Belfast Telegraph

Wednesday 1 October 2014

Joris Minne: The White Horse Inn

A bit of all white

Horses for courses: The decor's not to everyone's taste, but the food is

The decor’s a little on the brash side, but this Saintfield gem serves up a little bit of heaven

The worst kind of nouveau riche is the made-good farmer who discovers vast reserves of natural gas beneath his dirt-poor Donegal farm and builds lots of lovely bungalows with sea views to sell at stupid prices to northerners. The hillbilly will head straight to the Mercedes dealership to buy the car with the most exhaust pipes, his own bungalow will be extended to include a large scenic window through which to gaze adoringly at his new Scania 142 tipper parked outside and there will be a gurgling water feature in the hall.

Bulgarian gangster ‘biznismen’ can do the nouveau-riche tastelessness even better and will nip into Tzum in downtown Sofia to stock up on gold taps and big televisions but they’ll also invest in a stable of fighting cocks, some military-grade weaponry and barrowloads of chunky gold jewellery to complete the look of success.

Restauraters are not immune to a touch of expensive bad taste. I hope Barnaby’s near Ballyclare will forgive me for citing it as an example. The food and service in Barnaby’s are exemplary, but the owners must have more money than sense to have decorated it that way. Dear-but-poor taste blights many hotel restaurants across the nation and we can see how tempting it must be for an owner whose place has performed well over the years and made money to now turn his or her hand at last to a bit of creativity away from the till.

The owners of the White Horse Inn in Saintfield must have gone through a similar period of temptation. Saintfield still has shops with signs that say ‘Draper’ and ‘Ladies’ Fashions’, so you can see how conservative the White Horse Inn might have had to be in order to fit in. Yet recently the shockingly modern words ‘bar and bistro’ were added to the exterior signage, sending a distinct signal to the urbanites in Belfast that it was ok to go there.

It was broadcasting golden boy John Toal of the BBC’s Saturday Magazine programme who suggested I go there, and for this alone I am indebted to him. As it turns out, the White Horse Inn Bar and Bistro is an excellent restaurant in every sense of the word.

The service is informed, friendly and attentive. The farmhouse mood of the place is intact largely thanks to a team of cheerfully rustic customers who would earn a fortune in Hollywood as bar-room extras. There is live entertainment of a kind that includes a band called The Fridays (October 30) but happily there was nothing but the sound of 50 contented conversations in the place this evening. The simple decor says all the right things: country, cosy, and clean.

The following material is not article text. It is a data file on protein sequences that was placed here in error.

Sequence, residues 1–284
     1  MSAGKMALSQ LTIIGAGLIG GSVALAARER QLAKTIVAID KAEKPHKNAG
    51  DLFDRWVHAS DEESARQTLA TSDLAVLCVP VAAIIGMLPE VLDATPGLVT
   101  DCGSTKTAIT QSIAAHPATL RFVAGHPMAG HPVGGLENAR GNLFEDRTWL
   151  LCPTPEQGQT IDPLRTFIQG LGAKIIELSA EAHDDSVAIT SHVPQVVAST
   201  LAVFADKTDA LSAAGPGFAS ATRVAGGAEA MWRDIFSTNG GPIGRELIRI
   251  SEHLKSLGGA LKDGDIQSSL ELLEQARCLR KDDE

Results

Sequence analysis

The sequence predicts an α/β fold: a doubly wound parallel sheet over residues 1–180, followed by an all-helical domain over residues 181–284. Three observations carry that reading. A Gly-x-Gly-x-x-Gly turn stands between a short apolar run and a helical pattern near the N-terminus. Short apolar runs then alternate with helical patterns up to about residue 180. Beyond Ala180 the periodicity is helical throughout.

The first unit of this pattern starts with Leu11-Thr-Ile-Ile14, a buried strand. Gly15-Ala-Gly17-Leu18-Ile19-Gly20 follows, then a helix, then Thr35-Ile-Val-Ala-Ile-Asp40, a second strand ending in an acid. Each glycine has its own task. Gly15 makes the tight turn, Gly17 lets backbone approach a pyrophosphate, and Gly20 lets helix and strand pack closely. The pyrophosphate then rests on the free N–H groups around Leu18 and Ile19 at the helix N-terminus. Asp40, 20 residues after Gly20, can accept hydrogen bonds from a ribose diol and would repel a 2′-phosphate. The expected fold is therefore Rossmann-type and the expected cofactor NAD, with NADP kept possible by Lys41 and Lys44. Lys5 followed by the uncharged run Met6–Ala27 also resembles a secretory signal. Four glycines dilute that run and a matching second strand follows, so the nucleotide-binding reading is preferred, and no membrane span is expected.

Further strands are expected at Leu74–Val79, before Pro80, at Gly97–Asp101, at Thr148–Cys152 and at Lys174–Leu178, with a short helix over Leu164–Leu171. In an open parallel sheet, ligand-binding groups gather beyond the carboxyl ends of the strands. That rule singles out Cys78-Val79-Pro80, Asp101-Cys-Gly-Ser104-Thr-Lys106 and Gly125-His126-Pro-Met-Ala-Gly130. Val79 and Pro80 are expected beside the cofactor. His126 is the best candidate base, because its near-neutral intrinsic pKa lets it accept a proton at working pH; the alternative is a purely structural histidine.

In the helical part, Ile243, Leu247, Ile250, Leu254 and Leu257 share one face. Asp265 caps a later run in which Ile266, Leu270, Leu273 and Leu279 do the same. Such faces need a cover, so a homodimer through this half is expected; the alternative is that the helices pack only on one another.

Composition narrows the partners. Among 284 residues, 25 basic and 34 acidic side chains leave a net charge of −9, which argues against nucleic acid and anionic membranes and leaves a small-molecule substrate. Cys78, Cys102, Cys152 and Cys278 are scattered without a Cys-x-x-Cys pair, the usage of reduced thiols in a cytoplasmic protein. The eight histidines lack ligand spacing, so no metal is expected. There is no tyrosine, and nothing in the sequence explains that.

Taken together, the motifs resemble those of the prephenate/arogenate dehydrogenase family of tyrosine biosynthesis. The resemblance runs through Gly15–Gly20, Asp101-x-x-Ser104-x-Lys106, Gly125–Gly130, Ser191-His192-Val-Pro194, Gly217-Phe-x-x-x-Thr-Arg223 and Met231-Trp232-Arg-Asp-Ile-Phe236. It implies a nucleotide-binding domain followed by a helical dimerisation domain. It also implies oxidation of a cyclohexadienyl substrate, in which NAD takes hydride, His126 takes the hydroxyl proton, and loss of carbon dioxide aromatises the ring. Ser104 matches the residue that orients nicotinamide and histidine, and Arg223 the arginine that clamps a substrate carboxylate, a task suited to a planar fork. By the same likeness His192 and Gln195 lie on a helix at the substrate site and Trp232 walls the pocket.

The six of us were handed menus that are printed on one sheet of paper. We also got a brief but interesting wine list. Not too many questions or decisions were being asked of the diner as a result.

The menu promised much and I wondered if the delivery could match it. With one simple ingredient for instance, The White Horse kitchen can come up with spiced crispy prawns with mango salsa and garlic aioli, crab and prawn cocktail with avocado purée and White Horse wheaten, and garlic cream prawns with peas and scallions — how many ways can you prepare and present prawns? Ask the White Horse, because each one of the three ways we tried was out of this world. Fresh, plentiful and joyfully appetising — just the thing a starter should be.

But Lord bless us for what we were about to receive, as the main courses were even more exciting. There was pork fillet in a mushroom and cream sauce stabilised with lashings of burned-off brandy with champ. Marinated lamb singing with flavour was a generous double cut of fillet as tender as cake. Cracked, crushed, champed and chipped potatoes were as tasty as if they had been gathered from the dappled drumlins of Down that very afternoon. There are also burgers and chicken dishes, scampi and pan-fried cod and other bits and pieces to broaden the appeal across the generations.

Getting guidance from the server was a joy — she was knowledgeable and just on the right side of opinionated. She knew almost every detail of every dish, including the desserts, and shared the information enthusiastically.

A sizeable vegetarian list of options was further evidence of how much has changed. Buttered courgette, pea and scallion risotto and Parmesan cheese, creamy veg curry and wild rice, spicy beanburger with cheddar, chilli jam, chive sour cream and chips and tagliatelle with basil pesto, roast tomato sauce and goat’s cheese with pine nuts all sounded good to me.

The White Horse does things beautifully. There is attention to detail and maintaining that relaxed air reminds me of Dolly Parton’s honest assessment: It costs a lot of money to look this cheap, honey. It’s exactly what restaurateurs should be doing: working hard to create a sanctuary, a place of enjoyment, an escape.

The Bill

Crab & prawn x 2: £9.90

Garlic prawns: £4.95

Spiced crispy prawns x 2: £11

Chicken goujons: £7.55

Burger: £8.95

Pork medallions x 2: £19.90

Seabass: £9.95

Lamb: £11.95

Sides: £2.50

Ice cream: £2.50

Desserts: £17

Wine x 2 bottles: £28.98

Total: £135.13

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